My context for white papers is based on what I saw as a child growing up in India. Whenever there was a thorny issue facing the country, the government would invariably publish a white paper on the subject authored by an eminent person or panel. I didn’t actually read any of the white papers (there were none on cricket or boy scouts), but I got the impression that the government was trying to educate people on a multi-faceted, complicated issue so that they could act on a fully-informed point of view.
Of course, as I grew older and more skeptical of government, I realized there had to be some spin in there somewhere. Without question, there was “white-washing” going on at some level. I like to think that the intent of a white paper is to simultaneously (and often artfully) investigate, educate and advocate. Unfortunately, these days the “advocate” intent is really all about marketing. It’s no wonder then why we are awash in white papers. The pity is that the investigation and education dimensions are being diluted if not ignored altogether.
Why white and not any other color? A couple of possibilities come to mind. White is associated with purity, so it lends an air of objectivity. When you start with a blank (which in most cases is white) sheet of paper, you are starting from scratch without any pre-conceived notions and are open to all facts and points of view. White is perhaps the least objectionable color as well since it is a neutral and ideologically unencumbered color.
Why “paper”? Maybe we are just used to it now, but white paper sounds much more authoritative and official than white memorandum, white document, or anything else. A paper has an academic feel to it and lends further credibility in terms of not being biased or even subjective. You feel someone has taken a lot of trouble to research and write a paper. You feel obliged to take a look and take note.
I don’t know about your email inbox, but mine is flooded daily with white papers written or sponsored by consultants. Either way, it is not difficult to infer the underlying agenda. The intent is usually to establish expertise with a view to marketing a product or service. It is reasonable to use white papers on a commercial basis. However, I find that commercial white papers exhibit a large range in terms of length, content, style, editorial slant, quality and usefulness.
Maybe I’m old-fashioned, but here are my thoughts on what a white paper ought to be.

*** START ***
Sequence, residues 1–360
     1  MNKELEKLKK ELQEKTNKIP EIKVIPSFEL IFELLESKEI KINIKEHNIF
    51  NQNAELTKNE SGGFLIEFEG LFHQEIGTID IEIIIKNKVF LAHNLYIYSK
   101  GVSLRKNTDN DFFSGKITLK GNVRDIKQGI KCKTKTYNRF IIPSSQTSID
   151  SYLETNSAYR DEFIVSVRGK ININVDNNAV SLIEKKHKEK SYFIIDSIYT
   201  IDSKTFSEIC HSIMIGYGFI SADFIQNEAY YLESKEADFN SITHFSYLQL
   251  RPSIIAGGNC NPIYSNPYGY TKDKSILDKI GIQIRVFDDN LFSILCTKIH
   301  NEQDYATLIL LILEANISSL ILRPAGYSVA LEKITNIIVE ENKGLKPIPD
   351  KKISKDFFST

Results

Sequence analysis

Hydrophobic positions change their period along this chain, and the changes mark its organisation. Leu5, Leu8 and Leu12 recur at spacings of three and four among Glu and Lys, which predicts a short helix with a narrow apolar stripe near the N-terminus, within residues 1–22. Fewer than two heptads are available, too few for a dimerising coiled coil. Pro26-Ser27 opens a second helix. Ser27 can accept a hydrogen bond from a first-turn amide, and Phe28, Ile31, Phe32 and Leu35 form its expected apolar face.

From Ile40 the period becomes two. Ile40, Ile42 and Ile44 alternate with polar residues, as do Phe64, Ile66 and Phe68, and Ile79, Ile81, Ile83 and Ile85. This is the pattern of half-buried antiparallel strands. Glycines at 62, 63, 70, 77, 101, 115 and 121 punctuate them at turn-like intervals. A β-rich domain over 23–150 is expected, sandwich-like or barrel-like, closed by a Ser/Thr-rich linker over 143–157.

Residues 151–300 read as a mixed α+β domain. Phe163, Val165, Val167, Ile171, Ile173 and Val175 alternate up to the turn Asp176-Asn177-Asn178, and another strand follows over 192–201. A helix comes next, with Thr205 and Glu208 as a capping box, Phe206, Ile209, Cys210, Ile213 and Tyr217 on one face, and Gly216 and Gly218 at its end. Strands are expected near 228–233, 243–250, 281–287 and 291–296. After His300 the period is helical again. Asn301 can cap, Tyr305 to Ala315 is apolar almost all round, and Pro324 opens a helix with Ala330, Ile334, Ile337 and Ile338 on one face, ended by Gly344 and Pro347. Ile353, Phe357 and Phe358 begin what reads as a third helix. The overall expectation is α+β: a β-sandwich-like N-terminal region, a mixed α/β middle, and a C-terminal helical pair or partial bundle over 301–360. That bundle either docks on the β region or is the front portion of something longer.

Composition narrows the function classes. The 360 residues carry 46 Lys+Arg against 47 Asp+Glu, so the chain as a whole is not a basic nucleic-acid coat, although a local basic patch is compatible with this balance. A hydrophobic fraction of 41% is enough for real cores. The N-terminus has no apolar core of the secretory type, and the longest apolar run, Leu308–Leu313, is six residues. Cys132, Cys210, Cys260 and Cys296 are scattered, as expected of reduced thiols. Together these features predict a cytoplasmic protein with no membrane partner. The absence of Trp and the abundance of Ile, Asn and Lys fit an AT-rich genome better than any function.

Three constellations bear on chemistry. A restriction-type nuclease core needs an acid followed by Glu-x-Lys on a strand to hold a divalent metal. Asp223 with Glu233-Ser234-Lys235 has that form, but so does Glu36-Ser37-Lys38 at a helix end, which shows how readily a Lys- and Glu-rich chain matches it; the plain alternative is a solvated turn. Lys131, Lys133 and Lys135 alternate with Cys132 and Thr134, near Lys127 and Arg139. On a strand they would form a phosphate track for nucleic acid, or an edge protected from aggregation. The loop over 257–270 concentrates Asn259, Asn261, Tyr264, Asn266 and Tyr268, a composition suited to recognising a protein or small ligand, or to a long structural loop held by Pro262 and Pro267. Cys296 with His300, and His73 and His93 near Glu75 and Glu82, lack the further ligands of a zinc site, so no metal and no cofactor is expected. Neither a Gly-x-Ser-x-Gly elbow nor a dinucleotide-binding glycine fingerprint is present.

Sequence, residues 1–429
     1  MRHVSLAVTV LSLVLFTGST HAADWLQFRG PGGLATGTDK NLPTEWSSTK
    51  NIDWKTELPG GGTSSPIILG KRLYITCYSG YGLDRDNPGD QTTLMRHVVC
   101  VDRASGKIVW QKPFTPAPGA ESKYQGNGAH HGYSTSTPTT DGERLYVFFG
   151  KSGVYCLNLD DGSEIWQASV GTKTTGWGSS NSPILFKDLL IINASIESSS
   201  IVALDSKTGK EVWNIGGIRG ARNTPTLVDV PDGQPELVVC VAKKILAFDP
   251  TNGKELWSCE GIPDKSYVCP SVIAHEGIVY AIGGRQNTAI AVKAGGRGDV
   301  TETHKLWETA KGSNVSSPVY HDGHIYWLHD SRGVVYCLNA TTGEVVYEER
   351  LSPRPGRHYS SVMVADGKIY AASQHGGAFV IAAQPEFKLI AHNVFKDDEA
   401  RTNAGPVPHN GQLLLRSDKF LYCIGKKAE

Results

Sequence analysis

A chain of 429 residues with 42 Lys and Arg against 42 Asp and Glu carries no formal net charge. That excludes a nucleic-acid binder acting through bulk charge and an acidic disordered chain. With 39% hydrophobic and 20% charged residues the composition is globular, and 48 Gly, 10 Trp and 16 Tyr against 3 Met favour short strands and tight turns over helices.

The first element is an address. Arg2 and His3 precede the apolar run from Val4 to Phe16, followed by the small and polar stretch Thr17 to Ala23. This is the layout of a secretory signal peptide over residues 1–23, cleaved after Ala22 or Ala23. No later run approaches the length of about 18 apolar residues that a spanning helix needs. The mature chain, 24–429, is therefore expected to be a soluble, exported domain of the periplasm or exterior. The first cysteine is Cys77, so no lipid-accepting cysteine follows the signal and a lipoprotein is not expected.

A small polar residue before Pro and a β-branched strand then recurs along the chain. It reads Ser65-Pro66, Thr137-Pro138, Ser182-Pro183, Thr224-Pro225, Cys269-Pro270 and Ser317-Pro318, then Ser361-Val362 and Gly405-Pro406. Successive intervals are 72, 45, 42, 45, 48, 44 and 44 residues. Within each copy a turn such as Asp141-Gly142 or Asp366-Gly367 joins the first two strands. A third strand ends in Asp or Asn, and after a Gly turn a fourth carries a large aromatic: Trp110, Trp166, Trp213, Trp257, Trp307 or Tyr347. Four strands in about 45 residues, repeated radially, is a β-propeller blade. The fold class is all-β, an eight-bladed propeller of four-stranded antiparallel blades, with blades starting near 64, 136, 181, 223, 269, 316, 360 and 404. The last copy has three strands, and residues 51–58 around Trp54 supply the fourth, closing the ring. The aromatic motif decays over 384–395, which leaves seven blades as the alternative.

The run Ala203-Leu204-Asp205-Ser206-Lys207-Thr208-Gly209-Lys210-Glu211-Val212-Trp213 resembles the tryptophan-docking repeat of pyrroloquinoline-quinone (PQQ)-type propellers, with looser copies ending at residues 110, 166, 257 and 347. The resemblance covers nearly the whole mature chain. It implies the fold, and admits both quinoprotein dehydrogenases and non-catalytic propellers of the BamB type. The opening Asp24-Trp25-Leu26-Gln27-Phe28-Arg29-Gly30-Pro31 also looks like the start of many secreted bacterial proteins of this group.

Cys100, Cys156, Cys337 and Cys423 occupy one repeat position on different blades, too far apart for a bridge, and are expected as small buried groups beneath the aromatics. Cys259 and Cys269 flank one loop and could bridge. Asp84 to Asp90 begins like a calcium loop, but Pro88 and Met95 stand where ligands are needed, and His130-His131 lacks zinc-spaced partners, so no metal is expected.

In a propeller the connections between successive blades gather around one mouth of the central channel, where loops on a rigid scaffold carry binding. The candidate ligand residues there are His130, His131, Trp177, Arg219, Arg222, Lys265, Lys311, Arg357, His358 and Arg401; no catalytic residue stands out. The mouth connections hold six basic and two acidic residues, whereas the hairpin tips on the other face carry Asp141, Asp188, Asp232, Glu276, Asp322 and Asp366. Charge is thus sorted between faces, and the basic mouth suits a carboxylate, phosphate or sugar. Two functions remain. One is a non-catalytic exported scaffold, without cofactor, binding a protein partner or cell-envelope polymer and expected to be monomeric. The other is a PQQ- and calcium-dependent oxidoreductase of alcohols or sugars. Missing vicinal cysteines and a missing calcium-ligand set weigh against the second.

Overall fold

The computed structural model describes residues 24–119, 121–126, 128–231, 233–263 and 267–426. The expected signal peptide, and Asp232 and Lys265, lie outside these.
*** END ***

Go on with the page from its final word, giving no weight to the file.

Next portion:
A white paper needs to be comprehensive. Once you’ve read the white paper, you should have a complete and thorough picture of the subject in question. It should deal with every angle and every situation. You should be able to have a press conference and hold forth on the subject, taking any and all questions in your stride.
Since it is must be comprehensive, a white paper needs to tackle a specific issue. It ought to define the boundaries of the issue and be explicit about what it is not covering. There should always be a date on it, since situations change with time and new research emerges that makes previous views obsolete.
The topic needs to be substantive and of current interest. It need not be a controversial topic, but it ought to have different sides to it so that the whitepaper addresses and informs a debate. A white paper needs to be longer than one page. Make it as long as you want. It’s a white paper – comprehensive and authoritative. If it’s a couple of pages or less, either the topic does not warrant a white paper or the white paper is incomplete.
A long document needs to be well organized so that the reader can easily navigate through its contents. An executive summary is a must, as is a table of contents if it is more than say five pages long. A bibliography shows that some homework has been done, signals any biases based on sources, and provides a reading list for people who want to investigate further. An index would be helpful. Hyper-links would be icing on the cake.
No one wants to read a poorly written white paper. Verbosity and pomposity need to be avoided. A bullet point list does not constitute a white paper. Illustrations are a plus; relevant photographs, tables, charts and schematics add color (literally!) and flavor. However, there’s no room for clip art. That’s just cheesy and distracting. White paper titles should be sober and informative, not breathless and crass
Some would argue that it does not matter what you call it – a white paper, a research report, a study, a product description, etc. I don’t agree. We use different documents for different things and they have different characteristics. When presented with a document, we have certain expectations regarding what it is, what its purpose is and how it might be useful to us.
Calling everything a white paper to lend it credence and authority is potentially manipulative and deceptive. That’s not how you want to introduce yourself or your services.